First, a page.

And it’s been great. The Hilltop motto is Challenge By Choice and I think every child has felt challenged today and is proud of their achievements. For Ella and Imogen is was on the high ropes – and when you’re not a fan of being high up, they present a real challenge. Given three goes, they each pushed themselves to get further and further up the sloping beam. Similarly, Ethan says his proudest moment of the day was getting to the top of the sloping beam and coming back six steps along the beam above. Calum went even further, making it to the end of the second beam before going back to the middle so he could leap back off. For Thomas, Jayden and Kieran, who – it turns out – are absolutely fearless, the challenge was walking across the high wires holding onto the dangly ropes. Thomas even managed the leap of faith. At the end of the session, Jayden and Thomas climbed the ladder to the top, then the hand and foot holds on the side of the telegraph pole to the tiny platform at the top. Once there, they held onto each other’s hands and leaned back, trusting each other not to let go. Then, on the count of three, they let go, fell backwards and dangled in their harnesses back to the ground.

Meanwhile, Group 2 were learning about the Air Jump – a 4 meter high bag of air they had to launch themselves onto from various heights. All managed the first jump to the encouraging shouts from their friends and then kept returning for more and more attempts. If they wanted to, and if the instructor was happy with their technique (leap out, then land bum first with hands crossed across the chest like an Egyptian mummy), they were able to progress onto the higher levels. Ruby progressed to the 5m jump, and Aniek, Autumn, Lily, Shawn and Ivy onto the 7m jump and, at the end of the session, Bailey even managed the 8m jump. Well done all. Group 2’s afternoon ended with the assault course; a mad dash through tunnels, under cargo nets, over and under hurdles, through tyre racks and, finally, across the crocodile infested swamp. All survived without losing any fingers or toes and Shawn managed it, despite having grazed both knees and one elbow within 20 minutes of arriving here.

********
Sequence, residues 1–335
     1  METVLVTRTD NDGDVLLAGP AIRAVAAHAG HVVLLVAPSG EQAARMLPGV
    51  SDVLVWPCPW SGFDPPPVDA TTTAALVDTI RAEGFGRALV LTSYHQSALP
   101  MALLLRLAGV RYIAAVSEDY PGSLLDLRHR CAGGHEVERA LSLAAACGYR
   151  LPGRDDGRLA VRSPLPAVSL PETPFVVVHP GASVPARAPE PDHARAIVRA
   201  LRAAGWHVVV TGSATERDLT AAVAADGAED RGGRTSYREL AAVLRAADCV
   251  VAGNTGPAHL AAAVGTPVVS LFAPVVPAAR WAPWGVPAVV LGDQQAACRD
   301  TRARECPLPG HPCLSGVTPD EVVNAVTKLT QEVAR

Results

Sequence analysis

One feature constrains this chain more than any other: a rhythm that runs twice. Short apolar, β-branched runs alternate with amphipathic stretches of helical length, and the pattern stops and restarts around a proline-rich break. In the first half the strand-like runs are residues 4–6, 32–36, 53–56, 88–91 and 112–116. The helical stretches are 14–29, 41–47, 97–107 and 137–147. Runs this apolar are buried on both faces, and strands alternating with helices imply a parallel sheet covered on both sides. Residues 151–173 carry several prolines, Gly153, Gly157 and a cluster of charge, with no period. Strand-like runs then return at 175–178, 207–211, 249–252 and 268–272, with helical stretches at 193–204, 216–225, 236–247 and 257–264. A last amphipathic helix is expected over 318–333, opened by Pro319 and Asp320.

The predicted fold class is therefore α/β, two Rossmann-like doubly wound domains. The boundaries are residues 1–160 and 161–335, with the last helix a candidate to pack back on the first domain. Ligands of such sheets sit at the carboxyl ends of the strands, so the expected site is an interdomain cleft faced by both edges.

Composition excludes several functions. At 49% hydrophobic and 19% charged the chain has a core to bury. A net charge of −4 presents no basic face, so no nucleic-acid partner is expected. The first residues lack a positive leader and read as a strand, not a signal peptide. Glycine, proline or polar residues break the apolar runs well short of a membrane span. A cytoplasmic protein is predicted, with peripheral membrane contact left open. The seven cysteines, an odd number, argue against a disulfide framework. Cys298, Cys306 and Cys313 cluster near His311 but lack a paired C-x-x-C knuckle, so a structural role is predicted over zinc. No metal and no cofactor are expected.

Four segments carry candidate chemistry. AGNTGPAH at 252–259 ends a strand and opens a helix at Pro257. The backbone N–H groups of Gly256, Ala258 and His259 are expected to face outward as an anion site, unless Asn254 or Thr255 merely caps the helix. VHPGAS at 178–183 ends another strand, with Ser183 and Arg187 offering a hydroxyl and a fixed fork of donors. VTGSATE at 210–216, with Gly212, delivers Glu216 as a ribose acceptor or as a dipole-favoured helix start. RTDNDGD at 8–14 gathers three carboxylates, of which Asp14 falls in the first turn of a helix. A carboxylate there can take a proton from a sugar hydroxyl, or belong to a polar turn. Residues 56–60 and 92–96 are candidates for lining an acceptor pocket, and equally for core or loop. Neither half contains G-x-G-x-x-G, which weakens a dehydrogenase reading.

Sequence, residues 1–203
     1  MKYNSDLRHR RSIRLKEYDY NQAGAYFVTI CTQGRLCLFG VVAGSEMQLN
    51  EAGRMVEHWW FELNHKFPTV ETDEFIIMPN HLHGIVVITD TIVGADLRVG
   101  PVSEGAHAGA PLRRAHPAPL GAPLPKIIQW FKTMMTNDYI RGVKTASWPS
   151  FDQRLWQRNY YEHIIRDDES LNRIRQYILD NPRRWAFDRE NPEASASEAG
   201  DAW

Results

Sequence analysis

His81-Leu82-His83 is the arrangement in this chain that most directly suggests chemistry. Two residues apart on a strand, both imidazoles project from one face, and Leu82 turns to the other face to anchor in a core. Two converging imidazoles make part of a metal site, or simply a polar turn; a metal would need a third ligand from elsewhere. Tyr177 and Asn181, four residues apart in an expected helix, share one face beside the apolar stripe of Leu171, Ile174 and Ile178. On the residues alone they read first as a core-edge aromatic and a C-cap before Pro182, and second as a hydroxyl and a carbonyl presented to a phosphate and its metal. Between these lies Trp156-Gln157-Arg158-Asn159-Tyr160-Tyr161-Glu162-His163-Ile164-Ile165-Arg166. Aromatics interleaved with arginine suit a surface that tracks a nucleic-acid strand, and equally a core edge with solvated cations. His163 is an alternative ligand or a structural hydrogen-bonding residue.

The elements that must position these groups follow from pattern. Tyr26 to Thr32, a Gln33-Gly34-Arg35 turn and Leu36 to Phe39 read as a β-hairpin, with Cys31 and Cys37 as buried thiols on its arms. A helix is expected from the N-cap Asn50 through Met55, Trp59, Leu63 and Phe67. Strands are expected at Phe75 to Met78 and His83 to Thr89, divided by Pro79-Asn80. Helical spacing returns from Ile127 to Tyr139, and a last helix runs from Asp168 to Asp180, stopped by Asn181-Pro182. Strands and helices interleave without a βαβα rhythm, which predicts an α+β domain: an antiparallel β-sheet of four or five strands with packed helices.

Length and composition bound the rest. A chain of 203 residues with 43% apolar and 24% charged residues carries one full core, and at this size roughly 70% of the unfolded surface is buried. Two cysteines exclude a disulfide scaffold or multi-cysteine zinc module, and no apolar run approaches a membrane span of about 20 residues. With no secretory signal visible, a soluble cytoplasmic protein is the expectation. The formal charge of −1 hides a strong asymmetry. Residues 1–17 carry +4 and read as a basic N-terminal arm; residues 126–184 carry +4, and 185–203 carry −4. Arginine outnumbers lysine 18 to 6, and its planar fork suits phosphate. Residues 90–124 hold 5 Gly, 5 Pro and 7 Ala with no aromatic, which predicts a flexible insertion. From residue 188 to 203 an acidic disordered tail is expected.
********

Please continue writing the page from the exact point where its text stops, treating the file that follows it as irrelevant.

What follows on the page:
This evening, before the piano playing, the children enjoyed a big game of Mad Hatters – a giant game of manhunt with silly hats. Lexi, in a pause in the game, entertained Mrs Tooley and me with some of her favourite jokes, which I thought you might want to hear:

Why was the party on the Moon so awful?

Because there was no atmosphere.

How does the Moon cut his hair?

Eclipse it!


Why is dark spelt with a k not a c?

Because you can’t c in the dark!

So, I’ve just done my rounds and everyone is settled. After everything we’ve squeezed into the day, it’s no surprise they’re all ready for bed. But this is a Year 6 Residential first – for the first year ever, the children all took themselves off to bed before we announced it was bedtime! So, I think I’ll do the same.

Ruby Attends Children’s Parliament As Part Of COP26

We offer our congratulations to Ruby who was nominated to participate in the Children’s Parliament as part of the lead up to COP26 on Friday 28th October. Ruby is keenly interested in politics and, as a passionate environmental campaigner, is also a member of our Eco Committee. She was nominated to sit as the member for North Ipswich and Mid Suffolk (the seat currently held by Dr Daniel Poulter MP). The event was due to be hosted by Sir David Ames MP, so started with a tribute to his work helping establish the Children’s Parliament. An introduction was also made by both Prime Minister Johnson, and the Speaker of the House of Commons Sir Lindsay Hoyle. The formal debate was wide-ranging and the contributions made by the members (who ranged in age from 7 to 13) were extremely informed, passionate and impressive. A vote was taken on which issues were the most pressing for young people and the Parliament voted that the need to reduce the use of carbon was their prime concern – this will now be relayed to representatives attending the Climate Change Conference in Glasgow at COP26. 

If you would like to watch the debate in full, it can be accessed here: 

Well done Ruby. 

Football Tournament

Well done to the 12 Year 5 and 6 children who took part in the Football Tournament in Hartismere. The whole team really enjoyed themselves and showed admirable resilience, commitment and sportsmanship despite finishing ‘second’ in each of their games! As we kept on telling ourselves—it’s the taking part that counts!

Cross-Country Success at Mellis

Well done Nancy, Sonny and Liam who came second, fourth and fifth in their year groups. The three will now proceed to the Cross-Country County Finals which takes place in the Spring. Indeed, well done to all the children who raced around the (very) long course on Mellis Common last Friday. All the children in Yangtze and Congo classes took part and great resilience and determination was shown by all. Some opted to take part in the fun run (which was also over a long-distance) and others took part in the competitive course, which was slightly longer again.